During the 1970s John Rimmer produced a series of Compositions, for different instruments and electronic sounds. In Composition 4 the flute is accompanied by a gentle environment of string and percussive-like timbres. The flute writing contains a wide variety of expressive devices and overall bears an oriental influence, in particular that of the Japanese vertically blown shakuhachi.
This piece arose out of collaboration with multi instrumentalist, Adam Page. The fixed media track was composed as a “virtual ensemble” to accompany a soloist. The title “Crunch Time” is representative of the manic and stressful character of the piece.
The electronic part for this work was prepared in the computer music studio of Simon Fraser University, Vancouver, using real-time granular synthesis to process samples produced by the viola. A small resource of bowed and plucked sounds has been treated in this way to produce a large-scale mosaic of sounds to background the solo viola part, which explores playing techniques involving small changes, drifts, in pitch. For instance the opening is played with the fingers in closer than normal position to produce rhythmic patterns on very small intervals, a technique which recurs as a sort of technical motto throughout, and later material makes considerable use of much larger slides to produce a very fluid melody in the upper reaches of the instrument.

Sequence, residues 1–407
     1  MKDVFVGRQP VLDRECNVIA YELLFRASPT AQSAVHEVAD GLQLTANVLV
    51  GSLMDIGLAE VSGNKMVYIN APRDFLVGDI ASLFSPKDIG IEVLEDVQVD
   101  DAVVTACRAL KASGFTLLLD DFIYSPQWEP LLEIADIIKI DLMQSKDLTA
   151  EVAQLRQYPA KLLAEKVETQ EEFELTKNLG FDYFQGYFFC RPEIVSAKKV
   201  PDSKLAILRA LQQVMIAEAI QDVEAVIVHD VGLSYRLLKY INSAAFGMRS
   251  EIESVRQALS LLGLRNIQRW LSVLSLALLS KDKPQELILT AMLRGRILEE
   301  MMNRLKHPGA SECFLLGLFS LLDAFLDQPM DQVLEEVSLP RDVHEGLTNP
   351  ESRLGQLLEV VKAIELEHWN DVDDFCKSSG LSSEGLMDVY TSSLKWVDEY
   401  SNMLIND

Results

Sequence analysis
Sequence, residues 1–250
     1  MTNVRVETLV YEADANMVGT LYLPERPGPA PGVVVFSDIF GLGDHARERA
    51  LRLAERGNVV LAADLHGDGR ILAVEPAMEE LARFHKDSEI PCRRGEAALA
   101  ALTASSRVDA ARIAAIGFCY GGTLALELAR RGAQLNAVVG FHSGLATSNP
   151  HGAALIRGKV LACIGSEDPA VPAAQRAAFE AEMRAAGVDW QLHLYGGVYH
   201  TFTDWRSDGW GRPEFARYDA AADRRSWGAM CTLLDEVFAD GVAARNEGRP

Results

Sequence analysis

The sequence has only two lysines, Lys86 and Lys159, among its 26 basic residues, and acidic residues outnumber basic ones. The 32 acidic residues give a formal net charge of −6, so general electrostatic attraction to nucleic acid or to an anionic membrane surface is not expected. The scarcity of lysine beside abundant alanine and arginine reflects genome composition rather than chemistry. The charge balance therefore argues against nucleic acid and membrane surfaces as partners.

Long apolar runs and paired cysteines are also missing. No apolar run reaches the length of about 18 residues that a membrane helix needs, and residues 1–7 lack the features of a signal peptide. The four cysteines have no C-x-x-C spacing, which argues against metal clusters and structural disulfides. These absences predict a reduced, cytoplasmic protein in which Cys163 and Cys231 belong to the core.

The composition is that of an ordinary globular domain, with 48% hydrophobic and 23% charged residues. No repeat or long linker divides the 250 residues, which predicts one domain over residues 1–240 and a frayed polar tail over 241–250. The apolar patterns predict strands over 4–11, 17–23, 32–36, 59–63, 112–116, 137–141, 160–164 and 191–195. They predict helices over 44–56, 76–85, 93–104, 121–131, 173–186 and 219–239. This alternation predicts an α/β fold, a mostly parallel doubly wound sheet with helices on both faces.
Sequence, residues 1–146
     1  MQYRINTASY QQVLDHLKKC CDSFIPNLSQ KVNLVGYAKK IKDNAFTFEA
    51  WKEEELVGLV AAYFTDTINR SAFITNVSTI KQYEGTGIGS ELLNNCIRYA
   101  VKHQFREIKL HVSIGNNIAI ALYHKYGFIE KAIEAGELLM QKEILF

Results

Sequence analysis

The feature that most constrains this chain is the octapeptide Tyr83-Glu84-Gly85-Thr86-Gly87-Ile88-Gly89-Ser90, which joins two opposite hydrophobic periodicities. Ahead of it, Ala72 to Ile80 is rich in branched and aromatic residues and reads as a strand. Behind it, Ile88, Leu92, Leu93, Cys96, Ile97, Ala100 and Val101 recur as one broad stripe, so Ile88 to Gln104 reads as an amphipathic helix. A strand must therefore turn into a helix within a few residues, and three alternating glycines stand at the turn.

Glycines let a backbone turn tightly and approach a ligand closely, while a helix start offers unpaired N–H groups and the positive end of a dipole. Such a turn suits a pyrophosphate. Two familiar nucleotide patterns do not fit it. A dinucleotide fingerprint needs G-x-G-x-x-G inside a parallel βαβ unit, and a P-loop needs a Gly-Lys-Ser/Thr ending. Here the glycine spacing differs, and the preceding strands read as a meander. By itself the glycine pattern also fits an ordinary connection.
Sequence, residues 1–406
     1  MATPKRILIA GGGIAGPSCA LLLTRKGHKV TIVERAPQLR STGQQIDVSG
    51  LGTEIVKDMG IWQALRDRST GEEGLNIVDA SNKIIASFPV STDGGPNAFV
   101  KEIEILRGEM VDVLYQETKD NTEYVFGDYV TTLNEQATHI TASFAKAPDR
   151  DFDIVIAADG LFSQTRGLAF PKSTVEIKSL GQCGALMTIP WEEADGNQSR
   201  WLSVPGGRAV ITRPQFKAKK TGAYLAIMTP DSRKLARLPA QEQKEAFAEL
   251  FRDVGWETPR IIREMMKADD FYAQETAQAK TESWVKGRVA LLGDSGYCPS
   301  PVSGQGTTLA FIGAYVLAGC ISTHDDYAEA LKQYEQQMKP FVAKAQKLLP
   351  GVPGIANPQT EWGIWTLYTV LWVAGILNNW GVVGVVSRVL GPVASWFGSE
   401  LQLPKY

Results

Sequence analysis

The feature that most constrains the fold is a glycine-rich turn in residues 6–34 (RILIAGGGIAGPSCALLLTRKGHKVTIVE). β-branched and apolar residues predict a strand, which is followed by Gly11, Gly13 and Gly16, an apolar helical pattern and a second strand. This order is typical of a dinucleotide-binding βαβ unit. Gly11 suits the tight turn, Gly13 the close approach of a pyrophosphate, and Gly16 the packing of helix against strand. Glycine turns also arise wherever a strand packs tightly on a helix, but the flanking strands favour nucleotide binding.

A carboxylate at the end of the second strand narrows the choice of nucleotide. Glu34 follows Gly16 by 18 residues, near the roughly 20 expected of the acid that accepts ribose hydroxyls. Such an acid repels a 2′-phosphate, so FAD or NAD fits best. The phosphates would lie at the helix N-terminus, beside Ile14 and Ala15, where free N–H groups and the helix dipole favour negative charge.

The first performance was given by violist David Nalden in the
ExtravaCANZa festival at Victoria University of Wellington in November 1994. David Nalden describes ‘Drift’ as ‘a vast soundscape of seemingly infinite varieties of colour, pitch and rhythm which bore as much resemblance to the sequence of sounds in my initial recording as a luxuriant garden to a handful of seeds which had given it its existence.’